At The Omniplex: The Verdict On The Final Hobbit Movie

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The-Hobbit-The-Battle-of-The-Five-Armies‘The Hobbit: The Battle of the Five Armies’

by John Lyons

AS I write this I’m currently sitting in Killarney’s ‘Lord of the Rings’ themed pub, ‘The Shire’,  after returning from a trek to Dublin to see the final ‘Hobbit’ film projected in 3D at 48 frames per second.

There’s a merry atmosphere about the place. Everyone’s chatting about ‘The Battle of the Five Armies’. I have a glass of Bilbo’s Beer sitting right in front of me.

Yet here I am, pen and notebook in hand, preparing to write a review for the film in which I will talk about how underwhelmingly mediocre the film was.

I feel like I’m secretly betraying everyone around me. If there’s ever been a moment if my life where I’ve felt like I’m a fraud, it’s right now.

It’s weird, because this time ten years ago I was such a huge Peter Jackson fan. Seeing ‘The Return of the King’ in the cinema during it’s initial release was perhaps the most thrilling and exhilarating cinematic experience that I’ve had in my entire life.

I spent most of 2005 anxiously awaiting the release of his next film, ‘King Kong’, and made damn sure that I saw the first showing of it on opening night.

Peter Jackson is one of the few modern filmmakers that makes films targeted towards a global audience. Every winter for the last three years I’ve journeyed to the cinema to feast my eyes upon Middle Earth once again in the ‘Lord of the Rings’ prequel trilogy, ‘The Hobbit’.

However, the only thing bigger than the vast scale of Jackson’s films….are their running times. The films run so long to the point that Jackson ended up shooting too much footage for the two Hobbit films. In the end he decided to split ‘The Hobbit’ into three films!

‘The Battle of the Five Armies’ is the concluding chapter of Bilbo Baggins’ journey across Middle Earth in order to help a group of Dwarves reclaim their mountain home that was taken from them by the treacherous dragon, Smaug.

Last year’s film, ‘The Desolation of Smaug’, ended on one of the most intense cliffhangers that I’ve seen in years.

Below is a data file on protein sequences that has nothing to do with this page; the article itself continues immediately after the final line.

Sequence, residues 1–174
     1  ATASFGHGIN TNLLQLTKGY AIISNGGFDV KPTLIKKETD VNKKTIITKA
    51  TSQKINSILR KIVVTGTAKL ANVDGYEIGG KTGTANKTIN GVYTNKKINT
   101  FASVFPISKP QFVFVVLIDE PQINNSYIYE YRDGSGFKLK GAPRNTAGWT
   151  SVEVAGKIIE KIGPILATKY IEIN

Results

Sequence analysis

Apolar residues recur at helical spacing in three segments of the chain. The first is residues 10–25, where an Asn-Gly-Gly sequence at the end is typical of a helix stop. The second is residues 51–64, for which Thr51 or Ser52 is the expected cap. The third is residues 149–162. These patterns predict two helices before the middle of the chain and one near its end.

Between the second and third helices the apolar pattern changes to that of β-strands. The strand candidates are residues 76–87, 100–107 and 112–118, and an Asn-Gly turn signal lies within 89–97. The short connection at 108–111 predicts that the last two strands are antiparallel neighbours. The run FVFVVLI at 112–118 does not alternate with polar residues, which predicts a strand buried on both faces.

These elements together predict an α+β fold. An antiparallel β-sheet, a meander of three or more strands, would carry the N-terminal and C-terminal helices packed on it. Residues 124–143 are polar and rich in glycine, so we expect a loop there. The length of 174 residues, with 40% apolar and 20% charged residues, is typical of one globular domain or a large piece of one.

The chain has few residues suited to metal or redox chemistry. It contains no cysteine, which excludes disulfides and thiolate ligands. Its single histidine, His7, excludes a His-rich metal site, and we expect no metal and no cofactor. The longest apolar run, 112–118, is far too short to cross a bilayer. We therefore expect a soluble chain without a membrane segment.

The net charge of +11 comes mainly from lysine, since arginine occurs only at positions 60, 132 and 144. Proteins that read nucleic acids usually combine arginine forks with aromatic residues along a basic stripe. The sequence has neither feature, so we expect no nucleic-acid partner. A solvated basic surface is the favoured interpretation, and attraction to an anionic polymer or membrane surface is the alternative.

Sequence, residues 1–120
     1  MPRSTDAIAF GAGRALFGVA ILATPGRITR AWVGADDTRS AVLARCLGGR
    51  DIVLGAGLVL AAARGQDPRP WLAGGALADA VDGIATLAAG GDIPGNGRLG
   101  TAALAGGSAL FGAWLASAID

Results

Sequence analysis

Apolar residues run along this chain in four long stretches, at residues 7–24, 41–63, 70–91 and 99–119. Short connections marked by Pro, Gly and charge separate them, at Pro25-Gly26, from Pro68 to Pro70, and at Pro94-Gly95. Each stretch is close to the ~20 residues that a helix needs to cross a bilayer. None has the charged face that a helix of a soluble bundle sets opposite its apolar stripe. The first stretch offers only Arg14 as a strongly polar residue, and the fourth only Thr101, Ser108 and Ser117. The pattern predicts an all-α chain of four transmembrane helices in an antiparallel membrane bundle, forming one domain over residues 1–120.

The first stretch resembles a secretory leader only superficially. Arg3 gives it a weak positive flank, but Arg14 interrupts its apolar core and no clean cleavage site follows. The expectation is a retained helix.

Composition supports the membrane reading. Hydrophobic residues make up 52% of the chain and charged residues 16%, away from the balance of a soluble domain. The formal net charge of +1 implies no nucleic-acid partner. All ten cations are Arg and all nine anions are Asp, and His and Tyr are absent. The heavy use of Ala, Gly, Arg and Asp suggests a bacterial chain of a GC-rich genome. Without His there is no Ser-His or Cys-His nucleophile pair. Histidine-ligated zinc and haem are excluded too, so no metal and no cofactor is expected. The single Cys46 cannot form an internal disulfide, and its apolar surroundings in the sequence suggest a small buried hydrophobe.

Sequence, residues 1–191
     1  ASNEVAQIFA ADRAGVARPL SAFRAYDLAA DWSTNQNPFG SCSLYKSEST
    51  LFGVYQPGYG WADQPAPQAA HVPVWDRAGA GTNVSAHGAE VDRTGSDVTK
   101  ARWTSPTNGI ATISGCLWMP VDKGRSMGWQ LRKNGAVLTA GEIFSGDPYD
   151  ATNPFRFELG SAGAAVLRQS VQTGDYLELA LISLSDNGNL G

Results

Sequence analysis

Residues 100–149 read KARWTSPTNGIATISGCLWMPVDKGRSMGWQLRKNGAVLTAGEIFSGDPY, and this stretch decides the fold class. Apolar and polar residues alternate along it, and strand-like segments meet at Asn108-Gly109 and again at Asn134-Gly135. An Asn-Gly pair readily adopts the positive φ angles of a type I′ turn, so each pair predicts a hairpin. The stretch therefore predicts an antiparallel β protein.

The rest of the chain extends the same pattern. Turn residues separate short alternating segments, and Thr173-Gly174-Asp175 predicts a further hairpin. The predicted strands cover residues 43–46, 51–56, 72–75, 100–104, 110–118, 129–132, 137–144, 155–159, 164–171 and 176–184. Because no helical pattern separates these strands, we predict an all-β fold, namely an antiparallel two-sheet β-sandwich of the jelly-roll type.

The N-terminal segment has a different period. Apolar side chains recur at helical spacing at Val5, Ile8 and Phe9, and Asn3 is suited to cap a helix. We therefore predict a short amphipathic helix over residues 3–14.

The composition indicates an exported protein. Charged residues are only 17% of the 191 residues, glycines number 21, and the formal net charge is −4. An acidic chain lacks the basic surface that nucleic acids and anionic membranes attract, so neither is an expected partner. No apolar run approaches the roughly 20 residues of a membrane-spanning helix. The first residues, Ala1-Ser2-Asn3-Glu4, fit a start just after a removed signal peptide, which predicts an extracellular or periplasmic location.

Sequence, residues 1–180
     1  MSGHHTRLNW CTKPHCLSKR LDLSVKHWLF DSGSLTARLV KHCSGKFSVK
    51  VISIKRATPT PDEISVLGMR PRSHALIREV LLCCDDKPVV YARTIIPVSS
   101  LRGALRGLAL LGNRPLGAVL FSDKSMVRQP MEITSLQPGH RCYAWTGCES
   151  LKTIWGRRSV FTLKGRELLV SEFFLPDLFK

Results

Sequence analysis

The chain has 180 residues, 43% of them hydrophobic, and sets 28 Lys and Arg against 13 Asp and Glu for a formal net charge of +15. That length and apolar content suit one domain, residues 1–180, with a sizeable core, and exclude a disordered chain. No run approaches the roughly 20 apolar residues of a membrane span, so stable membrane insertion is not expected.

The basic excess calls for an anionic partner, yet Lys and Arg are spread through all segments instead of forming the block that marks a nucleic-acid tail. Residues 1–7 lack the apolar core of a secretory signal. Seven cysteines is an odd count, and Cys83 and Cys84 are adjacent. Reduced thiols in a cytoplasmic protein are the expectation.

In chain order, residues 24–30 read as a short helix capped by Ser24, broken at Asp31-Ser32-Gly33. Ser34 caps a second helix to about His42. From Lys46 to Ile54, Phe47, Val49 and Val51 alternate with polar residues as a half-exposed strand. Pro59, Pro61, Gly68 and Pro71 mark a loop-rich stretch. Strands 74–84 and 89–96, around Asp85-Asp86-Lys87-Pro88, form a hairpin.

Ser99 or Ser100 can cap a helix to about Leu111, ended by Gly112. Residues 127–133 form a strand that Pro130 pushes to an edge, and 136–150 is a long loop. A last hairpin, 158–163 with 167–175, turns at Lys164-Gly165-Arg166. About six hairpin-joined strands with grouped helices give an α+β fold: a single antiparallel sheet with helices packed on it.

The moment the credits started rolling, I knew that I’d be back in a year’s time for seconds.

‘The Battle of the Five Armies’ picks up from where ‘The Desolation of Smaug’ left off, and the first twenty minutes or so of the film swiftly concludes that cliffhanger. And to be fair, it was incredibly gripping.

But what followed was a lot of meandering and waffle that was padded out into a film that spanned over two hours.

The action sequences are uninspired and drag on for what seemed like close to half of the entire film. Little time is given to the protagonist, Bilbo, and the character with the most screen time, Thorin, has a story that I found to be extremely uncompelling.

Based on my knowledge of the making of the trilogy, I couldn’t help but think that ‘The Battle of Five Armies’ was the product of a director who’s either too precious or too stubborn to kill his darlings in the editing room.

What that leaves us with is two films that are terrific and one film that is full of material that is too stretched out to sustain audiences interest for over two hours.

Peter Jackson is a talented filmmaker who definitely manages to make this film at least halfway entertaining, but that still doesn’t change the fact that it’s an unnecessary film to begin with.

‘The Battle of the Five Armies’ taught me that ‘The Hobbit’ did not need to be split into three films.

But there’s one question that’s been haunting me since the screening ended…did it even need to be two films?


Follow John Lyons on Twitter: @Fireinthelyons

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